Director banned for 13 years for Bounce Back Loans fraud
The Insolvency Service are beginning to prosecute directors who have used and abused BBLs. Many people are urging the Insolvency Service to issue Compensation Orders to make the directors personally liable for company withdrawals funded by BBLs.
Director, Muneef Ihsan has been banned from acting as a director for 13 years after fraudulently obtaining £150,000 for three companies between 2019 and 2020, Porthart Ltd, Bargain Basement 90 Ltd and Bargains Basement 90 Ltd which were all placed into liquidation in September 2020.
Ihsan opened a separate bank account for each company with the hope of securing three £50,000 Bounce Back Loans despite there being no evidence that any of the companies ever traded.
It was found that the Covid-19 support had not been used to the benefit of the companies.
Subsequently, the Insolvency Service launched an investigation into Ihsan’s actions finding that withdrawals had been made from all three companies’ bank accounts amounting to £24,342. It was also discovered that Ihsan had transferred the remainder of the Bounce Back Loan monies to companies controlled by ‘close friend’ Mahir Towid Ul Haque, alongside other third parties.
Ul Haque was banned for 6 years; they may not, directly or indirectly, be involved with the management, promotion or formation of a company without court approval.
HMRC are wise to fraudulent behaviour with regards to Covid-19 related financial assistance and have set up a special division to investigate fraudulent Furlough (CJRS) and Self Employed Income Support (SEISS) claims.
With time quickly running out, businesses should review their claims for errors and seek professional assistance in availing themselves of HMRC’s mitigation policies.
HMRC has up to five years to investigate and has confirmed that it is already reviewing more than 5,700 claims. HMRC will also be conducting spot checks, as well as responding to whistleblowing complaints.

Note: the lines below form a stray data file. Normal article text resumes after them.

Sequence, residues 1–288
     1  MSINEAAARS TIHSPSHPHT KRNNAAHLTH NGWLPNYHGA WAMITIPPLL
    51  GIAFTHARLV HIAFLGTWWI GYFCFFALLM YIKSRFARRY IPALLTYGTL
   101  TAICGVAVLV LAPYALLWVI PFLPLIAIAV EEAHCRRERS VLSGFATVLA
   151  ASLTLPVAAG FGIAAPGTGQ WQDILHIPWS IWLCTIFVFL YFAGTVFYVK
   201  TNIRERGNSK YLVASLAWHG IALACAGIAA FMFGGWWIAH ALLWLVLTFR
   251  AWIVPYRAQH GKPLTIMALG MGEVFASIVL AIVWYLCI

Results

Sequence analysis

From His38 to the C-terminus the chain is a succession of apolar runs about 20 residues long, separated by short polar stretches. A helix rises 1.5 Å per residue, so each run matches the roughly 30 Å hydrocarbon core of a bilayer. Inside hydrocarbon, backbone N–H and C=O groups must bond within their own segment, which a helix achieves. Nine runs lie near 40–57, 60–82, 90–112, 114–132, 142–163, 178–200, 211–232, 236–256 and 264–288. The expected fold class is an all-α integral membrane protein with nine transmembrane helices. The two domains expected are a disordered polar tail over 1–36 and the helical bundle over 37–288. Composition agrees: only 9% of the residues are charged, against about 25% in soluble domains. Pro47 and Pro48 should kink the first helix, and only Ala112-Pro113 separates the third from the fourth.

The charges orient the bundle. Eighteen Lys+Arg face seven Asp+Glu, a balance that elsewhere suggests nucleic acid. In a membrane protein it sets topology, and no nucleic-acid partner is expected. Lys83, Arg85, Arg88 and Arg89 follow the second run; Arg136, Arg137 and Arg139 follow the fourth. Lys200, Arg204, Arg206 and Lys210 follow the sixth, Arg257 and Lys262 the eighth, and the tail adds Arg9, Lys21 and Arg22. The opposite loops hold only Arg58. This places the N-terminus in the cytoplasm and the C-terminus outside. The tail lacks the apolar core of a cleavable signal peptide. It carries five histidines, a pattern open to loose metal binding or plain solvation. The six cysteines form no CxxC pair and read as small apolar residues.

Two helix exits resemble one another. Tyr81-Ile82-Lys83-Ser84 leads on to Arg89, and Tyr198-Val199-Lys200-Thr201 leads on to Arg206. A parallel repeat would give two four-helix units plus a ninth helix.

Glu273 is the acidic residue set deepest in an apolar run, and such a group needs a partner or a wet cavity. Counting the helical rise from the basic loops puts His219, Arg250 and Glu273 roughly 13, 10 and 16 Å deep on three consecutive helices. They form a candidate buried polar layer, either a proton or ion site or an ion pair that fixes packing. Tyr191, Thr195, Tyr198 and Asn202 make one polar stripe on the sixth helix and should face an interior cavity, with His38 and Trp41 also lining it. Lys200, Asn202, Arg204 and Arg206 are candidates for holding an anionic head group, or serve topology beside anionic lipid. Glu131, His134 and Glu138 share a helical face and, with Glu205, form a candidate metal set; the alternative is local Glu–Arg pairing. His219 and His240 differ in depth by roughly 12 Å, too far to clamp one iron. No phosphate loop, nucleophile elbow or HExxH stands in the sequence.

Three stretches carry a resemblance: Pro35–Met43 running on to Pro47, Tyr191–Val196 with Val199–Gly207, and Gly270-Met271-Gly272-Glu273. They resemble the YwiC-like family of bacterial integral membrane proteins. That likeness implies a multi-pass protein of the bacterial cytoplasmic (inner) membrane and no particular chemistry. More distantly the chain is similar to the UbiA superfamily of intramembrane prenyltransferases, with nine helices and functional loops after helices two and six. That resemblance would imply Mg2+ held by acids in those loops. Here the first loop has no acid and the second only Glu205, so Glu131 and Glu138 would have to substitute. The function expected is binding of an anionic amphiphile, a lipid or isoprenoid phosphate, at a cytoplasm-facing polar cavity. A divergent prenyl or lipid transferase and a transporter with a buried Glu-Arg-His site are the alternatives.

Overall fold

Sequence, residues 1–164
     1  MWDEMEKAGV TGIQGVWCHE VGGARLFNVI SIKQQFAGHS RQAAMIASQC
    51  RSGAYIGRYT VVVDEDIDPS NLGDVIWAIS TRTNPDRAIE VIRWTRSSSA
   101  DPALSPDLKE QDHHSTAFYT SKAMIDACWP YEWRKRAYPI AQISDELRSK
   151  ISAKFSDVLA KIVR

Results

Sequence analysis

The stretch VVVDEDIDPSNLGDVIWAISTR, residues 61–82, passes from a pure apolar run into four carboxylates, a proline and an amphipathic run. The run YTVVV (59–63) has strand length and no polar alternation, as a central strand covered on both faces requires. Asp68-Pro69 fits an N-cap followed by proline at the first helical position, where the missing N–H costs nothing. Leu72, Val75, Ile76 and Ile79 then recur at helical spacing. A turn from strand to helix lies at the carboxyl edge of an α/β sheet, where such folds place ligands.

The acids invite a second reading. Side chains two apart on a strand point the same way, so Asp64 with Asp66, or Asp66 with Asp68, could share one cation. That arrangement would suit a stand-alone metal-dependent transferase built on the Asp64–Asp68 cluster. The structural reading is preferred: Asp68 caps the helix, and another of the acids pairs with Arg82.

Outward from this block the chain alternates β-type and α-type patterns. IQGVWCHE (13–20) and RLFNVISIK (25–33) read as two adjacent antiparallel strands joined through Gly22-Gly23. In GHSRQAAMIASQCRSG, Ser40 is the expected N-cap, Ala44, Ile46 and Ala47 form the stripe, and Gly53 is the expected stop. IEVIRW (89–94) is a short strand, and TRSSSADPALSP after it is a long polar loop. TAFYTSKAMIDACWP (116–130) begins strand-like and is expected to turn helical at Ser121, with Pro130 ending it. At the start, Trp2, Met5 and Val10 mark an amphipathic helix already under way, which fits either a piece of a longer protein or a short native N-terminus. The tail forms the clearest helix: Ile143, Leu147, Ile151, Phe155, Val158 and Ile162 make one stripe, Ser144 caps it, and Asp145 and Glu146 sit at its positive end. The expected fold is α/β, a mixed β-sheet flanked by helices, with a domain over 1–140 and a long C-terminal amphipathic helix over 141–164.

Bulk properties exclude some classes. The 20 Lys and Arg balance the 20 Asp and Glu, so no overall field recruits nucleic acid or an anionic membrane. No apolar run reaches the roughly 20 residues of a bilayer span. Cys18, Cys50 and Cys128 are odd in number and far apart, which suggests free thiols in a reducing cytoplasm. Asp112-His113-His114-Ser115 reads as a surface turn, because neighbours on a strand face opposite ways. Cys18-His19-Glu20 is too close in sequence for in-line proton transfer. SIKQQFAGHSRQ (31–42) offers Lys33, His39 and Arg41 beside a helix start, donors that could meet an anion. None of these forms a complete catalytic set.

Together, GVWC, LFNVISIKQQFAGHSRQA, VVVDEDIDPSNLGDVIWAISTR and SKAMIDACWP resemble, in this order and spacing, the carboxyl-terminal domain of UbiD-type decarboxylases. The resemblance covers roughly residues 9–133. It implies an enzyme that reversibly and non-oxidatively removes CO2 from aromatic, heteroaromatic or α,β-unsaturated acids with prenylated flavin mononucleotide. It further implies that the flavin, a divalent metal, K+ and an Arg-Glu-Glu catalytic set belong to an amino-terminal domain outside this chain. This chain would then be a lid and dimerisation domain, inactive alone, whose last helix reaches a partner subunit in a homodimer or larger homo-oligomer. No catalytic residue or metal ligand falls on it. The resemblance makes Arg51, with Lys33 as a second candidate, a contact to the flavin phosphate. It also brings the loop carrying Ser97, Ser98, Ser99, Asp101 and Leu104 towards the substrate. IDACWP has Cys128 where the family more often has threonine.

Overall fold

HMRC has received thousands of reports of questionable support payment claims. It continues to encourage the reporting of these by including links on HMRC CJRS-related webpages that enable people to report abuse.
Examples of such abuse include backdating claims, asking employees to continue to work or help out at work, claiming for ex-employees, claiming for sick employees or those on parental leave, and failing to pass on the full furlough payments to employees.
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Torevell Dent advises that penalties can be significantly reduced by making a voluntary disclosure to HMRC of any irregularities, even if the disclosure is after the time limits set. It is, therefore, critical that businesses in receipt of CJRS (furlough) payments and any other form of pandemic-related government support now review any claims they have made to ensure they have acted in compliance with all the rules and can evidence this with a clear audit trail. Positions originally adopted and decisions made may, despite genuine interpretation of the rules, be found to be wrong when judged against later guidance and understanding.
If you require any assistance please call us and ask for our tax partner.